Sweet Vibes of the Vibrating Jig: Success is Heard with Noisy Jigs


“That’s it!? That’s what all the fuss was about?”

Those were the questions running through my head when I first laid hands on a ChatterBait. At first glance, you’ll probably overlook it as another bass jig. But it isn’t. Bladed jigs, vibrating jigs or the ChatterBait, are odd lures that work wonders once they hit water.

The ChatterBait is the original vibrating jig, and was the vision of South Carolina resident Ron Davis in 2003. It remained a local phenomenon there until 2006, and after several wild wins on the American tournaments circuits, the ChatterBait was vaulted into stardom.

Orders overwhelmed Ron’s small business so anglers turned to eBay. The most willing shelled out over $100 per bait and gossip spread even more. Soon, Z-Man Fishing Lures took over manufacturing and the ChatterBait hit the market. Success even brought a wave of copycat baits that made their way into boats.

Over time, the fanfare quieted but not its effectiveness. A hybrid between a swim jig and a spinnerbait, its most distinguishing feature is its hexagonal metal lip. When cranked through the water, it vibrates, releasing a wide wobble and throbbing pulse. Although it doesn’t produce as much flash as a spinnerbait, it does swim much more seductively.

LaSalle, Ont. native Casey Martin, now of New Hope, Ala., is a huge believer in vibrating jigs—he believes he owes his professional fishing career to it. He is the only Canadian to ever win an American national bass tournament.

Martin finds that these baits shine when bass are in cover, in murky water or when fishing pressure is overwhelming.

“ChatterBaits are awesome,” Martin says. “Alone, they’re great and have a wide, erratic swim and produce a lot of vibration. When teamed with a bulky trailer like a Turbo Craw or swimbait, they transform the erratic motion into a more realistic swimming action.”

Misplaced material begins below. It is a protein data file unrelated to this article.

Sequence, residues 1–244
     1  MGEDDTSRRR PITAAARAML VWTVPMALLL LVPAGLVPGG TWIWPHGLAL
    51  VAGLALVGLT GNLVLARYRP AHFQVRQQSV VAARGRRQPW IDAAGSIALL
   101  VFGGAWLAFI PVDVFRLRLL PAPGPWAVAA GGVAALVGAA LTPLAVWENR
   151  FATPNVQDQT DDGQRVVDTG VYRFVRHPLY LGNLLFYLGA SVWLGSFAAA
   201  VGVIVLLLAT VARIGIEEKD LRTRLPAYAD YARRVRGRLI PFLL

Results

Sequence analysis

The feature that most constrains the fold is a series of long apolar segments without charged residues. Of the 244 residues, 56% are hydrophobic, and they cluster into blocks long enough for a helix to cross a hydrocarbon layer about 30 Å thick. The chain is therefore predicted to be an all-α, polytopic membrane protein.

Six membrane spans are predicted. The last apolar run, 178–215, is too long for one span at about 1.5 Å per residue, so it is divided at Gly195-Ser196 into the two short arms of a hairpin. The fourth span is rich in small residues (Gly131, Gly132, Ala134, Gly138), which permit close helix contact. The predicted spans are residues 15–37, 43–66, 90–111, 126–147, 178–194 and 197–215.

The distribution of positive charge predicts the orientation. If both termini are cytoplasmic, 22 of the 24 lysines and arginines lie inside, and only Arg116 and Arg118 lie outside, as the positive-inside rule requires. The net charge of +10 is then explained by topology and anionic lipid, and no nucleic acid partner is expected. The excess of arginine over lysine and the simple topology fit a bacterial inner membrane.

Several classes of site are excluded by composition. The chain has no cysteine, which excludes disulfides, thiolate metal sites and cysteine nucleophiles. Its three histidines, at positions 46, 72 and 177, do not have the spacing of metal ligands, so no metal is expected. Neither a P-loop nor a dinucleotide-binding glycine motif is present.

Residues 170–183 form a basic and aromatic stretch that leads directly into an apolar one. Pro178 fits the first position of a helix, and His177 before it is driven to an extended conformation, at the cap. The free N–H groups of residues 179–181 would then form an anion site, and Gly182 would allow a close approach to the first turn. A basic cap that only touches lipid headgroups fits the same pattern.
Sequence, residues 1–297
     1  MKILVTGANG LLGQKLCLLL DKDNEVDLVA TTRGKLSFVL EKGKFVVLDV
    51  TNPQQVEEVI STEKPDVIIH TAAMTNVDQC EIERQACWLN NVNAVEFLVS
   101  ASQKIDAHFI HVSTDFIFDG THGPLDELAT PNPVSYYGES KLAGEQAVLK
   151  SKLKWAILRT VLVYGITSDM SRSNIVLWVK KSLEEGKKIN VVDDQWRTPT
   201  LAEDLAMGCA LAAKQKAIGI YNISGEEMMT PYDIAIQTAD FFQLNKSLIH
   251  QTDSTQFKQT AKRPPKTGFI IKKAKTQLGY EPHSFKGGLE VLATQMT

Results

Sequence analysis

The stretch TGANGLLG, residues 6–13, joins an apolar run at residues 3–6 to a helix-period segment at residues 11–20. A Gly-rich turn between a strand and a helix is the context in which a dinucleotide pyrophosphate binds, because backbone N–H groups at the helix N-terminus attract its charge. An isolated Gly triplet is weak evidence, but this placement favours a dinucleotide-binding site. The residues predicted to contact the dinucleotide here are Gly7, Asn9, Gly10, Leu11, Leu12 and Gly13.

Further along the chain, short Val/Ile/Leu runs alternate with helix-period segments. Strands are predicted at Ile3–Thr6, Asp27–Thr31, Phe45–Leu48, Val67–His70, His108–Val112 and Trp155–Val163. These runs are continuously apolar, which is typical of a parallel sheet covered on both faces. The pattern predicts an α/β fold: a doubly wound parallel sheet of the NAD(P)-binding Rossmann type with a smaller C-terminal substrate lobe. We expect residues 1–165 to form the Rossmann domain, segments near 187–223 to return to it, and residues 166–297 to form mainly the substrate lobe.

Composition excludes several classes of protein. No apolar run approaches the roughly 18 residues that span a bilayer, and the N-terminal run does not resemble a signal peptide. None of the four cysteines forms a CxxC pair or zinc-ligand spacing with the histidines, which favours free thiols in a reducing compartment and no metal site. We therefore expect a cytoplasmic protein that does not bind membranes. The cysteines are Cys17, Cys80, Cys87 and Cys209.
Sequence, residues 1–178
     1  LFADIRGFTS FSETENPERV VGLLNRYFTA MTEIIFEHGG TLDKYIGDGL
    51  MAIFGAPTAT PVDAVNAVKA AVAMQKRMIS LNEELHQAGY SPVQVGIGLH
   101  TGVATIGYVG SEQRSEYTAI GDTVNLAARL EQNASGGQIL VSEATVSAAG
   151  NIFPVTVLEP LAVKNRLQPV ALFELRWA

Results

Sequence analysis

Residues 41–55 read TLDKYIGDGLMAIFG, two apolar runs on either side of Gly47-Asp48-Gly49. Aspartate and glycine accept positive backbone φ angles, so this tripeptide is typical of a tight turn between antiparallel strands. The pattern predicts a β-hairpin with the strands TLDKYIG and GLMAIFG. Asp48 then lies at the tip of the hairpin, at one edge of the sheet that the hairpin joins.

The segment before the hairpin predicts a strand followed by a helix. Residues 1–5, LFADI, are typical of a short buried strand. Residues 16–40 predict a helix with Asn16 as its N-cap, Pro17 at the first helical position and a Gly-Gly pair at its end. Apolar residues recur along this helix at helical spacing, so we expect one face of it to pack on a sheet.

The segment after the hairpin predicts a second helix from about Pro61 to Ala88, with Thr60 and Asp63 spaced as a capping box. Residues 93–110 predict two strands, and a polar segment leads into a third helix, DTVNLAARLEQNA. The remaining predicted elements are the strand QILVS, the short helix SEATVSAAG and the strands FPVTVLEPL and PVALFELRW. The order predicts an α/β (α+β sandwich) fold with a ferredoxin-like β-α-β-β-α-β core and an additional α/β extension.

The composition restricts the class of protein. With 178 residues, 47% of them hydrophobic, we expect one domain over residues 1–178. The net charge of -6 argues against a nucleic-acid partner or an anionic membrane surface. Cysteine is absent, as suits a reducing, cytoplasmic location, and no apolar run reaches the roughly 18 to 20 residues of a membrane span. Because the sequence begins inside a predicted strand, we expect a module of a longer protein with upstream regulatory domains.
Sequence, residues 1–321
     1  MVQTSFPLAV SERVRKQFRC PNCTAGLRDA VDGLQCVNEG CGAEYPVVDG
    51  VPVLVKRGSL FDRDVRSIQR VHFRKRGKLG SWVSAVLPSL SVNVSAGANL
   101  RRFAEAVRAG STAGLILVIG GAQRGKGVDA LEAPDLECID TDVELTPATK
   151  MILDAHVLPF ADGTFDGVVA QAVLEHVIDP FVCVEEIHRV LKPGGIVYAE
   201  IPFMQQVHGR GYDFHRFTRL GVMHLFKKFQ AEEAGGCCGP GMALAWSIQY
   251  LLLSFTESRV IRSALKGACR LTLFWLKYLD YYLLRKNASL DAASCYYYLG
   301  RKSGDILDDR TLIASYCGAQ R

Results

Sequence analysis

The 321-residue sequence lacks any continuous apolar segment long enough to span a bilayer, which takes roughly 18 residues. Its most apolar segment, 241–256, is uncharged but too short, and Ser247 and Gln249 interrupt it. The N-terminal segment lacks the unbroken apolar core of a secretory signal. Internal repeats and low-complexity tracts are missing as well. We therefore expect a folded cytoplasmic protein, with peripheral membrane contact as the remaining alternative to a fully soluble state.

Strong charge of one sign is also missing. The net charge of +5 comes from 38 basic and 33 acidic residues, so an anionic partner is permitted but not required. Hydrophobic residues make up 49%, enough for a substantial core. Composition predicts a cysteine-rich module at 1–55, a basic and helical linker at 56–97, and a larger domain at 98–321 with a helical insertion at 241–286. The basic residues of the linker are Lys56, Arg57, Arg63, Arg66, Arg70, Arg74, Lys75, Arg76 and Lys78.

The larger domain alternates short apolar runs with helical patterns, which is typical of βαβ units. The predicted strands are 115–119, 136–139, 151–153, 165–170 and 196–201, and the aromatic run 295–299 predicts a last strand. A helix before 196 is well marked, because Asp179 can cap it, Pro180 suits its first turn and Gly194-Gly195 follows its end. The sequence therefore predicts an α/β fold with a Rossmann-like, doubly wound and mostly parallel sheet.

Martin honed his bass tournament career as a co-angler fishing out of the back of a pro angler’s boat. Casey excelled at fishing behind others and loves the versatility of the ChatterBaits. One of Casey’s most exciting wins was at Lake Champlain along the New York and Vermont state line. Fishing thick weed beds, Casey fired a Green Pumpkin ChatterBait with matching swimbait trailer everywhere his pro angler brought him over the course of the three-day tournament. Martin caught both smallmouths and largemouths in this bait and was able to use it up shallow and in many grass beds that grow in the mid-depths there.

Jimmy Looi, of North York, is another big fan of vibrating jigs. He finds they are super search baits. Patrolling the bass-rich shallows of the Kawarthas or Bay of Quinte is where Looi can be found most summers. The time periods Looi prefers are right after the season opener and again in late August and into September. He finds that largemouths have not yet retreated to the bottom of heavy weeds to sulk from the muggy summer heat.

Jimmy targets largemouth bass along inside grass lines, pads, canes and other shallow cover.

“Shallow for me is 1 to 3 feet of water.” Looi says. “I keep the bait high and move it is quickly with a steady retrieve.”

In late summer and into early autumn, Jimmy targets the grass flats in the mid-depths.

“I look for 8 to 14 feet of water and try to catch them there. These baits are a great alternative to a spinnerbait or crankbait.”

Hunting for active bass demands a quick tempo; this style of bait casts like a bullet and doesn’t wear you out like a big crankbait or spinnerbait. The trick is to always keep feeling the bait thumping.

Jimmy usually targets grass with this bait and is a firm believer in braided fishing line. If the bait fouls, he’ll snap the rod quickly, flicking off any weeds.

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“It’s easy to tell if the bait is running correctly by feeling its pulse as it swims. Braid slips through the grass better than mono and has the power to dig fish out of cover after it gets bogged down,” he explains.